In other words, school personnel provided substantial descriptive evidence about M.P.’s behavior in the classroom. These facts are undisputed. Now, we must move past the question of “what happened” to “why did it happen.” At such a point, clinical expert testimony is entirely appropriate. (Id. at p. 11.)

18. Based on Factual Findings 30 to 37 and Legal Conclusion 11, the District’s placement offer for reading and English/language arts included both an English SDC and the Read 180 class. Based on Factual Findings 37 to 53 and Legal Conclusions 12 to 17, the combination of the English SDC and Read 180 class constituted an appropriate offer that was designed to meet Student’s needs related to reading and language arts for the 2008-2009 school year. Because the District offered an appropriate program, this decision need not determine whether Parents’ preferred methodology of an MSL program such as Lindamood Bell would also appropriate for Student.

Did the District deny Student a FAPE by failing to provide speech-language therapy for 25 minutes per session twice a week, and OT consultation, pursuant to his IEP following Parents’ consent to those services on September 12, 2008?

19. When a school district does not perform exactly as called for by an IEP, the district does not violate the IDEA unless it is shown to have materially failed to implement the pupil’s IEP. “A material failure occurs when the services provided to a disabled child fall significantly short of those required by the IEP.” (Van Duyn v. Baker School Dist. (9th Cir. 2007) 481 F.3d 770, 773.)

20. Based on Factual Findings 5, 6, 12, and 54 to 57, and Legal Conclusions 12 and 19, the District provided Student’s OT consultation in conformity with the IEP. Therefore, no denial of FAPE occurred on this basis.

21. Based on Factual Findings 5, 6, 12, 54, and 58 to 63, and Legal Conclusions 12 and 19, for the period from September 16, 2008 to March 5, 2009, the District failed to provide 450 minutes of speech-language therapy pursuant to the IEP. To that extent, the District denied Student a FAPE.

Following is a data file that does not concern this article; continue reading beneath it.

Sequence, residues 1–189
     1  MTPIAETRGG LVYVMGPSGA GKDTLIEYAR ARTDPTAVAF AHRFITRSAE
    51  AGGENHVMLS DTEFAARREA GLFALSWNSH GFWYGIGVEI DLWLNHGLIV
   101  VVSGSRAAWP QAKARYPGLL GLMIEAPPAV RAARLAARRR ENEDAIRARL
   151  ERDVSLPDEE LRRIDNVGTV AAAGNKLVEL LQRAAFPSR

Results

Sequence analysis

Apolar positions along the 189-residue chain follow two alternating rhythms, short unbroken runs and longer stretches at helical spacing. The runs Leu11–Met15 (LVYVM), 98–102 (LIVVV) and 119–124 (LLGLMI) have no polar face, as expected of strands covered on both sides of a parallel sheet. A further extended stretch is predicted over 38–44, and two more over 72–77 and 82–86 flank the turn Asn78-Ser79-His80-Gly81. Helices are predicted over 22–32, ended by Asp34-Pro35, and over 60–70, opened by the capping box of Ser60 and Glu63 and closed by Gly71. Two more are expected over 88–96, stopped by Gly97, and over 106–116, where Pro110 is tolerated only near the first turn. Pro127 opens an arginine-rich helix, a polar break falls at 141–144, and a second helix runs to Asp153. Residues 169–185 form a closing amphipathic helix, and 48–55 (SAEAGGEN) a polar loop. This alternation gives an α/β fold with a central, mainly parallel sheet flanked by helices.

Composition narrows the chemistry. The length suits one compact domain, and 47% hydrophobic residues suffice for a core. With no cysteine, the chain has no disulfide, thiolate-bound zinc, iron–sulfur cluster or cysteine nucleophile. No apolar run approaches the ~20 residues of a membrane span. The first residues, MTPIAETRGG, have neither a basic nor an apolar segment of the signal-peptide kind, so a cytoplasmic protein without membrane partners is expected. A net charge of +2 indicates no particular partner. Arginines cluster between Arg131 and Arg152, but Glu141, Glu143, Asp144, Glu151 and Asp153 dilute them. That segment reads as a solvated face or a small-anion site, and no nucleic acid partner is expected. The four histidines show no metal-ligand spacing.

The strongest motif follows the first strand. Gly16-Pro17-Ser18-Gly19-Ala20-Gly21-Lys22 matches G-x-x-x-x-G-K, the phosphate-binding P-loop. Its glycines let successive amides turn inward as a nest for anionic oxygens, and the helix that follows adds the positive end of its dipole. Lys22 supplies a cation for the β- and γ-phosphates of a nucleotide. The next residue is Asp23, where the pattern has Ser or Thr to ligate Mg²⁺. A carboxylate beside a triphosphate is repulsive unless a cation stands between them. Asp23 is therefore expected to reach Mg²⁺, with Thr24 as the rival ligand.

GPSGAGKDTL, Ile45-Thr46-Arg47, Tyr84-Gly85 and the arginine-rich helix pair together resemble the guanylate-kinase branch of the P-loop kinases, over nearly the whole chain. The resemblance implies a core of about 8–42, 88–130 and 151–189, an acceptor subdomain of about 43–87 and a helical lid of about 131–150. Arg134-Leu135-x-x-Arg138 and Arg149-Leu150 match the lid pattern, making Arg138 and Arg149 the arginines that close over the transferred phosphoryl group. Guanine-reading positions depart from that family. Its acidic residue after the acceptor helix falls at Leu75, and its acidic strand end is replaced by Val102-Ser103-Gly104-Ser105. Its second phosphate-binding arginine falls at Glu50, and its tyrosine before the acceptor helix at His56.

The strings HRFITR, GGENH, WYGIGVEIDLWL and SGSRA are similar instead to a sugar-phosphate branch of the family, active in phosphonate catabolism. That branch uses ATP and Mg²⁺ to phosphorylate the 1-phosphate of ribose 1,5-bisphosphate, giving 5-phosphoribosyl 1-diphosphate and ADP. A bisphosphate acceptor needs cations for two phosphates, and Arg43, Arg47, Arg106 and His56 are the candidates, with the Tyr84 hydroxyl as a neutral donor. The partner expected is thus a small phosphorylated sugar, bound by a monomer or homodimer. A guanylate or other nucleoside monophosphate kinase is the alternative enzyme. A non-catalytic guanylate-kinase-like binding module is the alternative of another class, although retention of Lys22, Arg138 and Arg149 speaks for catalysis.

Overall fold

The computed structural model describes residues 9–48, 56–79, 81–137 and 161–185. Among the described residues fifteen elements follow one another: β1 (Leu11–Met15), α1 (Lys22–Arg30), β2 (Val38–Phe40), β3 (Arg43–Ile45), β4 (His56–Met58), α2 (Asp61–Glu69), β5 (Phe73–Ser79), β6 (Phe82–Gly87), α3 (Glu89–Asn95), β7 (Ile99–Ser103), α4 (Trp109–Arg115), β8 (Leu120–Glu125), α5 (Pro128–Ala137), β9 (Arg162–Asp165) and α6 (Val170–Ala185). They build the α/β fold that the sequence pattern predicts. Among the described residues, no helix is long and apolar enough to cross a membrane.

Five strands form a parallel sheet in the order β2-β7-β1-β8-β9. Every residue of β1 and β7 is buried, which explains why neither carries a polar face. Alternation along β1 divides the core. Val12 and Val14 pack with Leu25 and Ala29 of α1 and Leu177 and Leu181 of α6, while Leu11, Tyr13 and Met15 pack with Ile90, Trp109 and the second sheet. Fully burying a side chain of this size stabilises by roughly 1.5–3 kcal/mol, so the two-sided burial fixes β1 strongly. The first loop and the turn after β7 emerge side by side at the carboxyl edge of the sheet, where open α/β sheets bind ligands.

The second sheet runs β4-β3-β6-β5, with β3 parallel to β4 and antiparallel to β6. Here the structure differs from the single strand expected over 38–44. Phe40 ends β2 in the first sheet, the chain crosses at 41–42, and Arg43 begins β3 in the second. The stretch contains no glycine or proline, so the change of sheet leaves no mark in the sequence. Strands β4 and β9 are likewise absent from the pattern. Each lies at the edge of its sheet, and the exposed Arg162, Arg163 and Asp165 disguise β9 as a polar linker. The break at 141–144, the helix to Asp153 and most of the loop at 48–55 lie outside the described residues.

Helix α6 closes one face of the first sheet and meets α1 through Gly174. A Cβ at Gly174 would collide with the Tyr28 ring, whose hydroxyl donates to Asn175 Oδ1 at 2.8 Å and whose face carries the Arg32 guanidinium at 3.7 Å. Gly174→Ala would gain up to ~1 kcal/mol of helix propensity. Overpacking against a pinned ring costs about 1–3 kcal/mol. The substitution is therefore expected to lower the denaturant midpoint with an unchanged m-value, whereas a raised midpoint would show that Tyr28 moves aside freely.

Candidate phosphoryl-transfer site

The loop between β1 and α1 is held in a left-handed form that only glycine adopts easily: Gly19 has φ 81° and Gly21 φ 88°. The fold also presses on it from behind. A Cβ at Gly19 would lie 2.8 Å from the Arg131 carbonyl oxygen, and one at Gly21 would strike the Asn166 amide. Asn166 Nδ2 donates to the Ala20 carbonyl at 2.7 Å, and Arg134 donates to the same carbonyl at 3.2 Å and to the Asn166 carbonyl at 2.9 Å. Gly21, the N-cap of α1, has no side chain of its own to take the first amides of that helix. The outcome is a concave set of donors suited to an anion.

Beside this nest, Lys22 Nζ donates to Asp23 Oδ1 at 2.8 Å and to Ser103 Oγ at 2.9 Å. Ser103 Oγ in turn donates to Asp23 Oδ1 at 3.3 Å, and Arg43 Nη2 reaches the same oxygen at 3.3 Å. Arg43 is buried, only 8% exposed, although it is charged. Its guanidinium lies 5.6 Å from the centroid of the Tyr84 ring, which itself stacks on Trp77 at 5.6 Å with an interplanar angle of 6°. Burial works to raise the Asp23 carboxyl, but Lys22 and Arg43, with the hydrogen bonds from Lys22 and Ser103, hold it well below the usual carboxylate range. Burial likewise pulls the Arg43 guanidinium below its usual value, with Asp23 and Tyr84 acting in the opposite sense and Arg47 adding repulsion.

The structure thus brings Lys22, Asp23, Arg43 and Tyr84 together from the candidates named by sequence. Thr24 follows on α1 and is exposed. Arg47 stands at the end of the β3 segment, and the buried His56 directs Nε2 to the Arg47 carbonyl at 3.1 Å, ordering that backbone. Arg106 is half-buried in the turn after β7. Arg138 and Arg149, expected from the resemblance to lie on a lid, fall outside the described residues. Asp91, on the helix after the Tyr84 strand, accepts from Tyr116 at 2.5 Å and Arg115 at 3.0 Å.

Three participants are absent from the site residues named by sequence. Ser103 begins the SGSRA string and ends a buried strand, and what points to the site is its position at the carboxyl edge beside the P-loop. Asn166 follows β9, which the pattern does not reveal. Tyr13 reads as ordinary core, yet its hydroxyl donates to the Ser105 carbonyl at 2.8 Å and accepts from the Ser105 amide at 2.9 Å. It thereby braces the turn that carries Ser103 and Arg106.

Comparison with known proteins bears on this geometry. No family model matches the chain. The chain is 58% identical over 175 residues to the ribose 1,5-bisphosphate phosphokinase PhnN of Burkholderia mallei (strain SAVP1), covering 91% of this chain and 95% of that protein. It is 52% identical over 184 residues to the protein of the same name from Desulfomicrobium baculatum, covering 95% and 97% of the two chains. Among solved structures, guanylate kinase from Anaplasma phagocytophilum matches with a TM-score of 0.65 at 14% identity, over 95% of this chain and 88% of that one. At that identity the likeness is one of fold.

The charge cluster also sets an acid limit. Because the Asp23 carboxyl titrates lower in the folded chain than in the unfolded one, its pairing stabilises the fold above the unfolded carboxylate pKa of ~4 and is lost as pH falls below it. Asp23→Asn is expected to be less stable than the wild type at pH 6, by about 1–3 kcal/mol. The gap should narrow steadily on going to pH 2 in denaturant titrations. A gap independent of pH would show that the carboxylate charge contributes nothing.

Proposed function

22. When a school district denies a child with a disability a FAPE, the child is entitled to relief that is appropriate in light of the purposes of the IDEA. (School Comm. of the Town of Burlington v. Dept. of Educ. (1985) 471 U.S. 359, 374 [105 S.Ct. 1996].) Based on the principle set forth in Burlington, federal courts have held that compensatory education is a form of equitable relief which may be granted for the denial of appropriate special education services to help overcome lost educational opportunity. (See, e.g. Parents of Student W. v. Puyallup Sch. Dist. (9th Cir. 1994) 31 F.3d 1489, 1496.) The purpose of compensatory education is to “ensure that the student is appropriately educated within the meaning of the IDEA.” (Id. at p. 1497.) An award of compensatory education does not require the automatic provision of day-for-day or session-for-session replacement for the opportunities missed. (Park v. Anaheim Union High Sch. Dist. (9th Cir. 2006) 464 F.3d 1025, 1033 (citing Student W. v. Puyallup Sch. Dist., supra, 31 F.3d at 1496).)

23. Based on Factual Findings 5, 6, 12, 54, and 58 to 63 and Legal Conclusions 12, 19, and 22, the District shall provide compensatory education to Student in the form of 450 minutes of speech-language services, in addition to the ongoing speech-language services provided pursuant to his IEP.

Beginning on October 23, 2008, did the District deny Student a FAPE by unilaterally altering his class schedule without prior written notice, refusing to reinstitute his prior schedule, and threatening truancy charges?

24. Under federal and California special education law, a special education student is entitled to remain in his or her current educational placement pending the completion of due process hearing procedures unless the parties agree otherwise. (20 U.S.C. § 1415(j); 34 C.F.R. § 300.518(a) (2006); Ed. Code, §§ 48915.5, 56505, subd. (d).) This is commonly referred to as stay put. The placement identified in the last agreed upon and implemented IEP is generally the then-current educational placement for purposes of stay put. (Thomas v. Cincinnati Bd. of Educ. (6th Cir. 1990) 918 F.2d 618, 625.) Absent written agreement between the parties, a parent’s unilateral placement does not constitute an agreed-upon placement for purposes of stay put. (See, e.g., Student v. San Mateo-Foster City Unified School Dist., OAH Case No. 2008090320.)